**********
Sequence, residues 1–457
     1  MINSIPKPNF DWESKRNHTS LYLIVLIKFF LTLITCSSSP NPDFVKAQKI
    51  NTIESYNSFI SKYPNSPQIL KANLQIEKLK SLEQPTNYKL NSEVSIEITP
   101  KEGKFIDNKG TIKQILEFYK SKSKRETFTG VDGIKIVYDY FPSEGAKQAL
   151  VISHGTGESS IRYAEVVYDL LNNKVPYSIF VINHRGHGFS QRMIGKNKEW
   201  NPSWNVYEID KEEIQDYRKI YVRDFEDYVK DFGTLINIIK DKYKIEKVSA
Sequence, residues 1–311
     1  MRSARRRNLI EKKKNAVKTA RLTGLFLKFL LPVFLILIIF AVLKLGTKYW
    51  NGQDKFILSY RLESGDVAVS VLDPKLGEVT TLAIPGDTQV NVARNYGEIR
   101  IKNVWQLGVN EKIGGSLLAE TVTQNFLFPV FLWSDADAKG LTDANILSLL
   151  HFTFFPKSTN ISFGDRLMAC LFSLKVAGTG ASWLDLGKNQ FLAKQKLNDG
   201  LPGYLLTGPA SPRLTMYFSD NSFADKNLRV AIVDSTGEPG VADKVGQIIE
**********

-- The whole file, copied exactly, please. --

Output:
Sequence, residues 1–457
     1  MINSIPKPNF DWESKRNHTS LYLIVLIKFF LTLITCSSSP NPDFVKAQKI
    51  NTIESYNSFI SKYPNSPQIL KANLQIEKLK SLEQPTNYKL NSEVSIEITP
   101  KEGKFIDNKG TIKQILEFYK SKSKRETFTG VDGIKIVYDY FPSEGAKQAL
   151  VISHGTGESS IRYAEVVYDL LNNKVPYSIF VINHRGHGFS QRMIGKNKEW
   201  NPSWNVYEID KEEIQDYRKI YVRDFEDYVK DFGTLINIIK DKYKIEKVSA
Sequence, residues 1–311
     1  MRSARRRNLI EKKKNAVKTA RLTGLFLKFL LPVFLILIIF AVLKLGTKYW
    51  NGQDKFILSY RLESGDVAVS VLDPKLGEVT TLAIPGDTQV NVARNYGEIR
   101  IKNVWQLGVN EKIGGSLLAE TVTQNFLFPV FLWSDADAKG LTDANILSLL
   151  HFTFFPKSTN ISFGDRLMAC LFSLKVAGTG ASWLDLGKNQ FLAKQKLNDG
   201  LPGYLLTGPA SPRLTMYFSD NSFADKNLRV AIVDSTGEPG VADKVGQIIE